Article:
Polls suggest about 60% of the population remains opposed to legal regulation although support has been growing slightly.  Opposition politicians have threatened to call a referendum on the bill but the ruling Frente Amplio (FA) coalition has framed it as an ‘experiment’ and has promised that they are willing to look at any evidence both in support of, and against, the new regulatory regime. 

Uruguay’s groundbreaking new law will be watched by many other countries who are interested in reforming their drug laws.  While no country is currently ready to replicate the Uruguayan model, the historic policy shift will surely send ripples across the international community.  Indeed, operating at odds with the UN drug control treaties that bind parties to the prohibition of non-medical and non-scientific use of cannabis, events in Montevideo have provoked condemnation from both the United Nations Office on Drugs and Crime (UNODC) and the International Narcotics Control Board (INCB). 

The INCB President Raymond Yans said on Wednesday  11th December that he was “surprised that a legislative body that has endorsed an international law and agreements, and a Government that is an active partner in international cooperation and in the maintenance of the international rule of law, knowingly decided to break the universally agreed and internationally endorsed legal provisions of the treaty”.

Both these UN drug control bodies fear for the integrity of prohibition-oriented international drug control framework.  So they should. As Martin Jelsma, Coordinator of the Drugs & Democracy Programme at the Amsterdam-based Transnational Institute (TNI) has noted: “The approval of regulation under state control in Uruguay marks a tipping point in the failed war against drugs. The trend is becoming irreversible: the era of a globally enforced cannabis prohibition regime is drawing to a close”.

Human rights, harm reduction and you


The UN has declared Tuesday, 10 December as Human Rights Day. The theme this year is ’20 Years Working for Your Rights’, to celebrate the 20th anniversary of the Office of the UN High Commissioner for Human Rights has been established. Among the 30 articles of the Universal Declaration of Human Rights is article 25, stating that ‘everyone has the right to a standard of living adequate for the health and well-being’ of themselves and their family. The Blue Point Foundation has been striving to uphold article 25 since 1996, and aims to celebrate 20 years of operation in 2016.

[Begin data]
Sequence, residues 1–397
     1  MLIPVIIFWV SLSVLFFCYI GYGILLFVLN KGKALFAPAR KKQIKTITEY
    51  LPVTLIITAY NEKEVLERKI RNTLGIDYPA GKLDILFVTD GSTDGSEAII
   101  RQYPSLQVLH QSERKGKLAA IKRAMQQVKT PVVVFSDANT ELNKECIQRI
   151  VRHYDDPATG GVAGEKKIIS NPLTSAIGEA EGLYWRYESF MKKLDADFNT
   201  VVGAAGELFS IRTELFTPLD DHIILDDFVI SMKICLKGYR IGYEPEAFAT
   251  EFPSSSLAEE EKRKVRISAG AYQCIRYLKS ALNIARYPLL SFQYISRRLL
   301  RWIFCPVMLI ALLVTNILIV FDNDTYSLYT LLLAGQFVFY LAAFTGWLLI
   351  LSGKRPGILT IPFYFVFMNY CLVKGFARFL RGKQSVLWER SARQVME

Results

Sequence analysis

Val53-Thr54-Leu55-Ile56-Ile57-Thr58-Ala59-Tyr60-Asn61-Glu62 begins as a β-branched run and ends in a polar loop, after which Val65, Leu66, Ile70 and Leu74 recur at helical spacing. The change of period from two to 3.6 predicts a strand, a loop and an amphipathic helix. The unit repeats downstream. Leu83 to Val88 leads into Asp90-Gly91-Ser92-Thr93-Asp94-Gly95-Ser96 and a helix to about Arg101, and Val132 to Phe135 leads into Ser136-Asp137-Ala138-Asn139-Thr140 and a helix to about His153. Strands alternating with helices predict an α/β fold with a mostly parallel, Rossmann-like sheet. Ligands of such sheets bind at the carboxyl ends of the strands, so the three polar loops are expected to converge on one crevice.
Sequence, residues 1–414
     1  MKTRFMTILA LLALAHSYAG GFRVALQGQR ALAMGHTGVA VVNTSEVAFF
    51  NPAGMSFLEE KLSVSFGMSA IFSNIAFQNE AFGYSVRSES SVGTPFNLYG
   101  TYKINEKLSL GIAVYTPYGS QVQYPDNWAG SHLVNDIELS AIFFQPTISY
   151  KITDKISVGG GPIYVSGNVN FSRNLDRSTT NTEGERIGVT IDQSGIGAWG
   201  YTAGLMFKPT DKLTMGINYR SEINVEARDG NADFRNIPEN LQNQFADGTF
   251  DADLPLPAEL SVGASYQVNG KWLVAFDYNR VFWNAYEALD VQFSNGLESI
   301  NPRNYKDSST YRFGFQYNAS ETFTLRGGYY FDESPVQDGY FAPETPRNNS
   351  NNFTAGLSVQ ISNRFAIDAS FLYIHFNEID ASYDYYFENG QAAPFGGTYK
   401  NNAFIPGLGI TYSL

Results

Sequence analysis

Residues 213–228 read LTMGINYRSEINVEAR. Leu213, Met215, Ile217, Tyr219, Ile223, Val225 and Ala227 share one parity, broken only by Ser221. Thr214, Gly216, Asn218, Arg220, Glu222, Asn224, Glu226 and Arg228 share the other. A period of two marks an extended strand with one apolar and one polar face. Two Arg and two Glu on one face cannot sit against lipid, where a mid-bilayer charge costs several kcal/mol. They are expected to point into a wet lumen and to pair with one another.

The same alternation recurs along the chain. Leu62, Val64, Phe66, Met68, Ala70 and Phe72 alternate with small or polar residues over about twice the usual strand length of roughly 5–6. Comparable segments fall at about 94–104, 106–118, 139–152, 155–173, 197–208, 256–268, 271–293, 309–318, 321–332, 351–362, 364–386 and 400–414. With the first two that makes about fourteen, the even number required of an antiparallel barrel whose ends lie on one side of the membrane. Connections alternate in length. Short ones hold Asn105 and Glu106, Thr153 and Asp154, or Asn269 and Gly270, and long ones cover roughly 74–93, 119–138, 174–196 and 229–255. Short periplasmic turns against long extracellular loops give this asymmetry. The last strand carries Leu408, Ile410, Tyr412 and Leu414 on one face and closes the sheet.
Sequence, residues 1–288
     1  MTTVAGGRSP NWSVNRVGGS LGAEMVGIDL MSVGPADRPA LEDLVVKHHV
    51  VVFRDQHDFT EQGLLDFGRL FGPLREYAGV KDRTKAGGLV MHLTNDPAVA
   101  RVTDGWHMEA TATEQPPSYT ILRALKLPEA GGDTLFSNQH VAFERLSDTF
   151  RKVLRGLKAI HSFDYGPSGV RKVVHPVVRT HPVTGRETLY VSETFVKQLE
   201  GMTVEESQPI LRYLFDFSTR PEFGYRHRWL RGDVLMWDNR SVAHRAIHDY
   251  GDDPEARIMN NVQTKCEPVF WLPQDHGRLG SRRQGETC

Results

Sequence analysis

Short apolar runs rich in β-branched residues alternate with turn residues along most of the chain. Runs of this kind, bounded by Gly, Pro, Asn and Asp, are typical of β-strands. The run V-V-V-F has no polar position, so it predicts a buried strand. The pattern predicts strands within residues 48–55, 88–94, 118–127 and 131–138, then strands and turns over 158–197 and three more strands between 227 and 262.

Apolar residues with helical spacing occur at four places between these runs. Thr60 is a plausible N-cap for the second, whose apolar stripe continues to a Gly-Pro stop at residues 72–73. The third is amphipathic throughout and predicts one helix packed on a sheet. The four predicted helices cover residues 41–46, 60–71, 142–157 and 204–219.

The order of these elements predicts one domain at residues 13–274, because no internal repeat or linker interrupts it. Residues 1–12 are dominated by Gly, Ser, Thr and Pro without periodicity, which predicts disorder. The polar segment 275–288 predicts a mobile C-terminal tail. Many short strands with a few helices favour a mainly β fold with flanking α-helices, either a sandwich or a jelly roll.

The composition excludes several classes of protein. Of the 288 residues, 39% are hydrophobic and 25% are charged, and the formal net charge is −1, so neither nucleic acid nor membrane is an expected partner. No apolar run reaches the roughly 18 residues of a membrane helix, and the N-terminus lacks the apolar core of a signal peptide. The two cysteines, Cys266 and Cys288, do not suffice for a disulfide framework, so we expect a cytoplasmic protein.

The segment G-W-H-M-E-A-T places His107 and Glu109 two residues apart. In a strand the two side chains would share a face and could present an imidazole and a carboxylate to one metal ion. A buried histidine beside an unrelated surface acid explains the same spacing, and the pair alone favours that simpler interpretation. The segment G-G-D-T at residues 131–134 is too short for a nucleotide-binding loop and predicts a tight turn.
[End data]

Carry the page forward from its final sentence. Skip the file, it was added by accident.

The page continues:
The Blue Point Foundation is a Hungarian NGO that provides a range of services for one of the most stigmatized groups in society: injecting drug users. Blue Point’s needle exchange programme, the largest in Hungary, is located in the impoverished VIII district in Budapest. The programme responds to the needs of the client population living in the area by providing services such as needles exchange, outreach and prevention programmes, as well as pioneering programmes including a women’s only day at the needle exchange location, a City Art Workshop for young people, and harm reduction party services.

The work of Blue Point is recognised internationally. The MAC AIDS Fund has recently awarded Blue Point the equivalent of almost £14,000 to continue their services in the VIII district, including the implementation of on-site rapid HIV and hepatitis C testing. This is the second year in a row Blue Point has been granted this award by the MAC AIDS Fund.

This year Blue Point was also awarded a grant from the Norway Civil Fund to develop innovative peer-led services at the needle exchange location. This project is based on an intervention model of care, and is the first of its kind in Hungary. The uniqueness of this pilot project is the key role needle exchange clients have in developing and adapting the centre’s services and outputs in partnership with volunteers and workers of Blue Point.

While international funders continue to acknowledge and support the valuable work of Blue Point, the local VIII district council in Budapest has chosen to ignore the centre’s collaborations within the community. During a council meeting in mid-September of this year, the representatives of the council voted to terminate the 2010 agreement that covered cooperation between Blue Point and the local government. This agreement will end on 31 December 2013. Blue Point already operates in an unfavourable political environment in Hungary, as the new National Drug Strategy that was enforced in July 2013 includes criminalising the consumption of drugs and enforcing more strict penalties for drug related offences.

International evidence has consistently affirmed that needle exchange programmes and other harm reduction initiatives are effective public health measures and reducing drug related harms including the spread of infectious diseases. It is baffling that the VIII district council has chosen ideology over evidence-based research to make their decision. Human rights organisations such at the Hungarian Civil Liberties Union have voiced their opposition to the decision of the VIII district council’s decision.